Keeping The Blues Alive

Otis Spann: The Blues Recording Machine

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Like many of the early blues players, the exact date and place of Otis Spann’s birth is debated amongst historians and various sources, which in my opinion makes him even cooler. Most accounts do point to the fact that Otis Spann was born between 1924 and 1930 and grew up in parts of Mississippi. Growing up, music was all around Otis and he learned his appreciation and passion from his parents and cousin Little Johnnie who was also a pianist. His father was a gigging pianist and his mother, impressively, was a well-known and reputable guitarist who reportedly played alongside Memphis Minnie and Bessie Smith.

 

The Blues Piano Man Otis Spann

Otis Spann began working in the music scene as a pianist at the age of 14 and received guidance from various mentors along the way while in Chicago. His biggest opportunity came when he replaced one of his mentors, Big Maceo Merriweather in Muddy Water’s band where he would stay until 1968. During that time, he also recorded frequently with other acts such as Bo Diddley and Howlin Wolf, and B.B. King. With all of his recognition in the industry, Spann later became known as one of the leading post WWII Chicago Blues pianists.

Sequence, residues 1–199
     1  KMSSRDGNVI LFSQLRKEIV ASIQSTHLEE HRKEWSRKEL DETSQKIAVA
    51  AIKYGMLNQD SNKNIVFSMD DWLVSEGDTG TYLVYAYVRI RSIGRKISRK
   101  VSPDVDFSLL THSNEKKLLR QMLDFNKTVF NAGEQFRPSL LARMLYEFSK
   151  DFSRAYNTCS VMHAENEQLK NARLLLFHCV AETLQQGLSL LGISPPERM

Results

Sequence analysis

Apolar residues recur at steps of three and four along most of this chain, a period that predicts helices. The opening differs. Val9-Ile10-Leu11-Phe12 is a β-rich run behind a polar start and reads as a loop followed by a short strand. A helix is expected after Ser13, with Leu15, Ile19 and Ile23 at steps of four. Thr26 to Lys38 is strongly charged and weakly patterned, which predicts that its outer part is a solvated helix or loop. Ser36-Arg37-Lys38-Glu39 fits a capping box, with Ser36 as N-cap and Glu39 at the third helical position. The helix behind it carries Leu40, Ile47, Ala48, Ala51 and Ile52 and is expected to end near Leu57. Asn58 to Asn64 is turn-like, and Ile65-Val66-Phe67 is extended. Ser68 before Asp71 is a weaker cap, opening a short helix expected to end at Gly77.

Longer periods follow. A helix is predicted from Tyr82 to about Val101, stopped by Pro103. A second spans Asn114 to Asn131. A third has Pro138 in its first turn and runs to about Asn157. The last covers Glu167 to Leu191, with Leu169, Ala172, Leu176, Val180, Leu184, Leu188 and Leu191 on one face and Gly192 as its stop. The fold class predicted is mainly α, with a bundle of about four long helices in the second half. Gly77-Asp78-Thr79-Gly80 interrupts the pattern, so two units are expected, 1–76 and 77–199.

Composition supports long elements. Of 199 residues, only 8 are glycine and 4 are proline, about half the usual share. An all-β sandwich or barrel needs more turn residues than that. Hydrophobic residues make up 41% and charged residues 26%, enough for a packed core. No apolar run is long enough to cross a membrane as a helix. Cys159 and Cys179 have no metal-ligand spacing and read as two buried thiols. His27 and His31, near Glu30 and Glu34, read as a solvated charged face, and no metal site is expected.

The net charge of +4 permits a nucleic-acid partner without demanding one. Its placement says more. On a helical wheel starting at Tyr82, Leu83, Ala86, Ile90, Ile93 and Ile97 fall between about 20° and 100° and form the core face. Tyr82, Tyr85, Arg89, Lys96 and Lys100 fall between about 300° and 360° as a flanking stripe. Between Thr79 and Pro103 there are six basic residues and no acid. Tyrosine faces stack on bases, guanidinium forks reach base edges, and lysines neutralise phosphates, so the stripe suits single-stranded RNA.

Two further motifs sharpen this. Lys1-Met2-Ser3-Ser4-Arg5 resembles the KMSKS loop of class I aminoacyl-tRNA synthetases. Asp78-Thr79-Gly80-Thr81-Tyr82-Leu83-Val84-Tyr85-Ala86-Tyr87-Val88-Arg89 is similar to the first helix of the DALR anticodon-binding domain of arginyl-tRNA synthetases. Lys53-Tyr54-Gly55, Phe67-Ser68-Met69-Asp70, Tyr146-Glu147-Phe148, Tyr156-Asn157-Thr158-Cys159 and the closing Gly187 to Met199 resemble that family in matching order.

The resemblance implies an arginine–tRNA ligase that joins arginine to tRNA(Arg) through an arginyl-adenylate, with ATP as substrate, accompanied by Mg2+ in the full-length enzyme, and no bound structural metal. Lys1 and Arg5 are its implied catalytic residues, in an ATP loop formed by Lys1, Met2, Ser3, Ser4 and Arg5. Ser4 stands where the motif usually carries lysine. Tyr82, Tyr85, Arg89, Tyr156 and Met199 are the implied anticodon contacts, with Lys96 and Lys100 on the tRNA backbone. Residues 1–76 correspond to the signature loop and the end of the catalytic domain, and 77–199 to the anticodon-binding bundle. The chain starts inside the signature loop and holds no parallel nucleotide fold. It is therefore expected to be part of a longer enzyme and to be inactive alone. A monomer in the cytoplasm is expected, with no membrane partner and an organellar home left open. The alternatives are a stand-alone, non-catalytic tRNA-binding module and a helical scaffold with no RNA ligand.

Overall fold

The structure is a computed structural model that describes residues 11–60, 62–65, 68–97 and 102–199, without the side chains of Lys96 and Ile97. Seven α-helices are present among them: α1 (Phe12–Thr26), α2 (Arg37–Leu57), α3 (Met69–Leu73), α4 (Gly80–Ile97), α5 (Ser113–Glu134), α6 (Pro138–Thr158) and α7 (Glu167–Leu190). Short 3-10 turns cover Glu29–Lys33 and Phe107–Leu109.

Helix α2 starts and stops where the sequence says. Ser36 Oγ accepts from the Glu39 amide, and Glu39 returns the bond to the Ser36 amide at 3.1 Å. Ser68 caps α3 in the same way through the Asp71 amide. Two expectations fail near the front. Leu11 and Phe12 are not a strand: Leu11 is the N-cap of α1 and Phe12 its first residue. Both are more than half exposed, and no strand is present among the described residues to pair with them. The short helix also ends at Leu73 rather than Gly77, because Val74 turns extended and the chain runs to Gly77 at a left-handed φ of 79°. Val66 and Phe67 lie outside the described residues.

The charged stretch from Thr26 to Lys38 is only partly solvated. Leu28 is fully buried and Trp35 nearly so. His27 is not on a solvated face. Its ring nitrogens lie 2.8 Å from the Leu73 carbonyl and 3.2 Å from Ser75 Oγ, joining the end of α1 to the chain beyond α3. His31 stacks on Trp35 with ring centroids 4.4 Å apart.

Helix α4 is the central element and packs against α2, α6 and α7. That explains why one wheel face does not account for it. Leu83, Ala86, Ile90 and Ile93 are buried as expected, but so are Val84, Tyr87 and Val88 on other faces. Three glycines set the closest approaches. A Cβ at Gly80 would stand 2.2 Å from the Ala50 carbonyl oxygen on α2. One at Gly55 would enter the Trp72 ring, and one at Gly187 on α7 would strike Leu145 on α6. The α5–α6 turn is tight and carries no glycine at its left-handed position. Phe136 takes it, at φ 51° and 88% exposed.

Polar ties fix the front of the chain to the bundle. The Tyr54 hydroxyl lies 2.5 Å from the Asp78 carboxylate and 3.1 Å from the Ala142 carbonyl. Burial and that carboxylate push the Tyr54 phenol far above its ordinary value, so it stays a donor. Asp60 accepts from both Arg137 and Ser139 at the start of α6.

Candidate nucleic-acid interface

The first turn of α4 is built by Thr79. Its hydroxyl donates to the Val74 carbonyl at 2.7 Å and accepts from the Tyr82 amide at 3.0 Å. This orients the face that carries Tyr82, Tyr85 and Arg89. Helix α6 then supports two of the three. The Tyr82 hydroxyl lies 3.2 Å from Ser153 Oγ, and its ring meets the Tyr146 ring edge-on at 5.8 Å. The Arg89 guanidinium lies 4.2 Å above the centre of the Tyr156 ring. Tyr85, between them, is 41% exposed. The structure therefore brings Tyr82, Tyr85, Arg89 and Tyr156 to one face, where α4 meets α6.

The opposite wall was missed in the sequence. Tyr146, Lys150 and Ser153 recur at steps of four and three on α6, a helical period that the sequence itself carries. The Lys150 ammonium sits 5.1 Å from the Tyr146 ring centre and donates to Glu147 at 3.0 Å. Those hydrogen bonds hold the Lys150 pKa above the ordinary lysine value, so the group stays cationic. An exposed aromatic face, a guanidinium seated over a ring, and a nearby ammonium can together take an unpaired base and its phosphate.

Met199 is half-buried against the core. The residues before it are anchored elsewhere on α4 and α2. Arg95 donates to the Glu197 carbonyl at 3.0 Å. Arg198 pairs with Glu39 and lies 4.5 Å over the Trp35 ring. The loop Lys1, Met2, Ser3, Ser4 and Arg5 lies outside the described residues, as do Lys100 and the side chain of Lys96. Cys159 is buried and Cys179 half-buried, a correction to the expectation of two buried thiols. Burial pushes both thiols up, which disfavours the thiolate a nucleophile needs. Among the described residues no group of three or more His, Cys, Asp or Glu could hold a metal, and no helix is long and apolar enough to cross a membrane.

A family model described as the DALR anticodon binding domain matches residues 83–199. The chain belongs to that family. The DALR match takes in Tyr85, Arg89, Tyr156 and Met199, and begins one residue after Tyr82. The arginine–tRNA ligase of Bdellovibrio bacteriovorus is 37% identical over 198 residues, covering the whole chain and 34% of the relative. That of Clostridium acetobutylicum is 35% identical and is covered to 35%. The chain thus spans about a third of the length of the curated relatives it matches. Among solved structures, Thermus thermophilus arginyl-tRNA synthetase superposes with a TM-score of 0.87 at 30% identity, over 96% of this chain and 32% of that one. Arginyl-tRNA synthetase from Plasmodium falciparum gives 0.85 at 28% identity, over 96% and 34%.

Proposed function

He was also a long-time session musician with Chess Records, appearing on some of Chuck Berry’s albums and also got on an Eric Clapton recording through Decca records. He was obviously a very busy recording musician, with 23 of his own solo studio albums as well as appearing on many other artist’s albums.
Spann unfortunately passed away in his early forties due to liver cancer. He continues to be regarded as a pivotal piano player in the Chicago scene and was posthumously induced into the Blues Hall of Fame in 1980.

Patrick Ortiz

As always, for more great blues photos like this one, click here: https://keepingthebluesalive.org/still-blues/

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